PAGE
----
Dinner and a Movie at Sundance Cinemas, or the Only Way I'll Go to the Movies Anymore
Movie theaters still have a place for those who don't want or can't afford to build a media screening room in their homes but still enjoy the spectacle of seeing a truly great movie on the big screen. (Torrents are only good for so many things...)
Photos by Katharine Shilcutt At Sundance Cinemas, you can take your meal in the cafe, on the patio or in the theater itself.
Increasingly, however, theaters have had to figure out how to compete with your own living room. This means larger, more comfortable seats as well as a growing market for movie theaters like Alamo Drafthouse and Sundance Cinemas that offer you the opportunity to have dinner and a movie at the same time.
Sundance Cinemas has offered surprisingly good food since opening in downtown Houston's Bayou Place development in late 2011, but the steak quesadilla and Pinot Noir I enjoyed along with a screening of Argo over the weekend wouldn't have been enough to woo me if the price weren't right, too.
Traditional movie theaters have offered popcorn since the Great Depression, when the attractive price of 5 cents a bag meant that moviegoers didn't have to choose between a flick and a snack. These days, concessions account for roughly 40 percent of a movie theater's average revenue. Offering more attractive dining options means that more money will stay in the theater itself instead of going to a restaurant next door and can even cut down on the number of people sneaking their own snacks into the movie.
I am probably more guilty of sneaking in food than anyone else I know. But that's because concessions at movie theaters are a racket; soda and candy at the concession stand typically cost three to four times more than at a typical convenience store. Not only do I have little to no interest in a days-old hot dog on a mealy bun, I have zero interest in paying $10 for it. The Detroit man who sued an AMC theater for supposedly violating the Michigan Consumer Protection Act last year is apparently in the same camp.
Sundance Cinemas doesn't have the vast selection of pizzas, burgers, salads and more that Alamo Drafthouse does -- nor does it have the excellent beer selection -- but it packs a lot into its compact menu, including some terrific local draft beer options and creative cocktails. And unlike Alamo Drafthouse, the concession stand at Sundance stocks a wide variety of other local goodies: cookies, brownies and lemon bars from Michael's Cookie Jar, ice cream from Cloud 10 Creamery, healthy popsicles from GoodPop in Austin.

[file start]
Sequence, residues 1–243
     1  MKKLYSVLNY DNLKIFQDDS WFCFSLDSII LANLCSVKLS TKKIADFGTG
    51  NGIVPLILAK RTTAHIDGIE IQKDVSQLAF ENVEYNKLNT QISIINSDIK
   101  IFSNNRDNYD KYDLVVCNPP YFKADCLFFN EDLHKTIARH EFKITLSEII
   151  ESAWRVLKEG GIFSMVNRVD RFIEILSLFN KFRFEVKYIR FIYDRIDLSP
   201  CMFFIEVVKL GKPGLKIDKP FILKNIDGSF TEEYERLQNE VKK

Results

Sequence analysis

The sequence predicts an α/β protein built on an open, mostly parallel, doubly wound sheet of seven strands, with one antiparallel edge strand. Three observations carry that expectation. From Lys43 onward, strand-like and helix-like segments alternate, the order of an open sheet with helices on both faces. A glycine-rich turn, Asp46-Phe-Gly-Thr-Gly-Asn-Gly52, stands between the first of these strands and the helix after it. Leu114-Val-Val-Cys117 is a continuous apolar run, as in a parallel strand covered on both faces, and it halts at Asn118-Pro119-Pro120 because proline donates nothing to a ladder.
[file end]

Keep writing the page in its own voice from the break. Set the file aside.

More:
The fast-casual counter service offered at Sundance also makes for a good meeting spot before your movie starts. Grab a glass of wine with a friend and catch up. Or if you're no good at eating in the dark (I'm not, unless it involves a funnel and/or straw), split a pizza in Sundance's handy cafe beforehand. And as the cafe seeks to remind visitors, you don't need a movie ticket to visit. The full bar and full food menu are available for all. (And a friend assures me that Sundance's version of a White Russian is among the best in town.)
As stated earlier, however, all of these points would be moot were the food overpriced. It is refreshingly and emphatically not, however. A "Whole Hog" pizza covered with three kinds of meat -- and, of course, bacon -- for $10.75 is enough to feed two people. Ditto the steak and mushroom quesadilla I ordered for $8.50. And the $8 pour of nicely chilled (so rare, even in nice restaurants!) Pinot Noir I received was sufficient for two glasses.
A 9-inch "Whole Hog" pizza.
In fact, the only overpriced menu item I spotted this past Sunday evening was a bizarre offer for a Texas Independence Day special: chips and salsa plus two pints of Buffalo Bayou 1836 for $18.36. Clever price aside, I noted that all three menu items were $6 individually -- so you'd actually end up paying 36 cents extra for the privilege of celebrating the day the short-lived Republic of Texas liberated itself from Mexico with some...salsa.
My friend and I ended up paying the exact same amount for food and booze that we would have paid at a restaurant, with the added bonus of being able to leisurely walk into the cinema afterward with glasses of wine and beer still in hand. And although the tickets themselves weren't cheap -- $25 for two, after all was said and done -- I don't mind paying for tickets in a quiet, decidedly adult environment. Movie theaters that allow glasses of wine inside tend to have a way of discouraging parents with rowdy children -- and any other rowdy attendees, for that matter.
Coffee and a pint of Cloud 10 Creamery's peanut butter and jelly for dessert.
To be completely honest, I wouldn't go to the movies anymore at all were it not for places like Sundance and Alamo Drafthouse. Edwards Greenway Plaza -- the closest traditional movie palace to my house -- can keep its sticky floors, captive audience parking scam and overpriced concessions. At Sundance, the floors are always clean, your parking is validated and the beer flows freely and cheaply.
(And by the way, Argo deserved every bit of that Oscar win.)
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